5. dorigo - November 20, 2007

Hi Tripitaka, I am glad that not only physics posts are read here🙂

Ed, thank you! O’Hare is a bit like home for me too. But recently, they have this I-pass thing that makes you likely to just drive on even if you should coast on the right and stop at the booths… I find it just too easy to miss it.

Kea, I especially appreciate your concern. I think I’ll be fine although I confess I am a bit scared.

Cheers all,
T.

6. George Barouxis - November 20, 2007

Dear Tommaso, I do hope everything will turn out fine.

7. changcho - November 21, 2007

Tommaso, thanks for the interesting, personal post. Good luck with everything and especially your health.

8. Fred - November 21, 2007

T is for turkey,

I enjoyed reading about your evening with Vincent and Jadwiga, especially the very interesting music program offered at the concert. Schubert’s story and music are among my favorites of the classical composers, an incredible talent but dead at the age of 31. It seems there wasn’t a healthy cure for complications due to being promiscuous in his day. The only recording I have of Strauss’ Till Eulenspiegel is a fine performance of Karl Bohm conducting the Berlin Philharmonic Orchestra. For the quartet you listened to, I’m trying to imagine the violin and double bass carrying the entire weight of the role ordinarily played by the orchestra. Strauss and Bohm are tragically linked to the Third Reich with the latter obviously a strong proponent of the movement. But somehow, Bohm never paid any consequences for his demonstrative actions. I think Strauss is emblematic of those that remain silent to tyranny and subsequently embrace evil in an attempt to avoid the suffering and persecution of others. I share your sentiments concerning the fragility of human life. How are you spending Thanksgiving in the States? Here’s to your health.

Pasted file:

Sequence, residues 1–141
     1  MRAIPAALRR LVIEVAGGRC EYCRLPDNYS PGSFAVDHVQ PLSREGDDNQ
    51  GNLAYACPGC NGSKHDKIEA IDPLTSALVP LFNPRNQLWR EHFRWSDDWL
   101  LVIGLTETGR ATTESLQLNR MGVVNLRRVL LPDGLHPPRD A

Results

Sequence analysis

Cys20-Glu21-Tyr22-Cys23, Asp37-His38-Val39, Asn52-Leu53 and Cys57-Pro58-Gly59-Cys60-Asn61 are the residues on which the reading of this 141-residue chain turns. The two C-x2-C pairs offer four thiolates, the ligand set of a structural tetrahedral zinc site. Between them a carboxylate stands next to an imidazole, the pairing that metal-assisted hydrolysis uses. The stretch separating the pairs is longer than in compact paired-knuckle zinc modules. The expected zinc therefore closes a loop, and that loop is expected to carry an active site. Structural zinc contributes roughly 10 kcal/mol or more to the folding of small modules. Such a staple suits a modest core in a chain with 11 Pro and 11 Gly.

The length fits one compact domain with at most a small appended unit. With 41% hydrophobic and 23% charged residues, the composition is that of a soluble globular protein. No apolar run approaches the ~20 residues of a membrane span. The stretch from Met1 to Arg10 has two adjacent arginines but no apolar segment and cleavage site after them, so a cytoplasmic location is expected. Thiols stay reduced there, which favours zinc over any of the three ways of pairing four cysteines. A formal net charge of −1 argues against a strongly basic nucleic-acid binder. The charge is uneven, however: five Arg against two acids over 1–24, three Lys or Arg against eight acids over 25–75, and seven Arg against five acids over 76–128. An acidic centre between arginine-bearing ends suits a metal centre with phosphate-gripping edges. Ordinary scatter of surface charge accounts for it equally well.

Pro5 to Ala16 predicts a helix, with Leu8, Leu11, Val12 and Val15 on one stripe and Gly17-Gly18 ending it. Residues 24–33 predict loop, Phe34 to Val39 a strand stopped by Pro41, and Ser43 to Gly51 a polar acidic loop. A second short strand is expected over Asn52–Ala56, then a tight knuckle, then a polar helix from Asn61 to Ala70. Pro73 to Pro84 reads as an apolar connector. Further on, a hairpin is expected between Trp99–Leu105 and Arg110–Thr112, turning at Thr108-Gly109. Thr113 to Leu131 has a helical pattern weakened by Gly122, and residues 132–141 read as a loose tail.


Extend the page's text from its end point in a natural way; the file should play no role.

Cheers, Fred

9. dorigo - November 22, 2007

Hi all,

Changcho, George, thank you…

Fred,
thank you for your insightful comment on Strauss’ music. Indeed, the double bass had some weight in the arrangement, and the violin was really working overtime too.

Cheers,
T.


Sorry comments are closed for this entry

%d bloggers like this: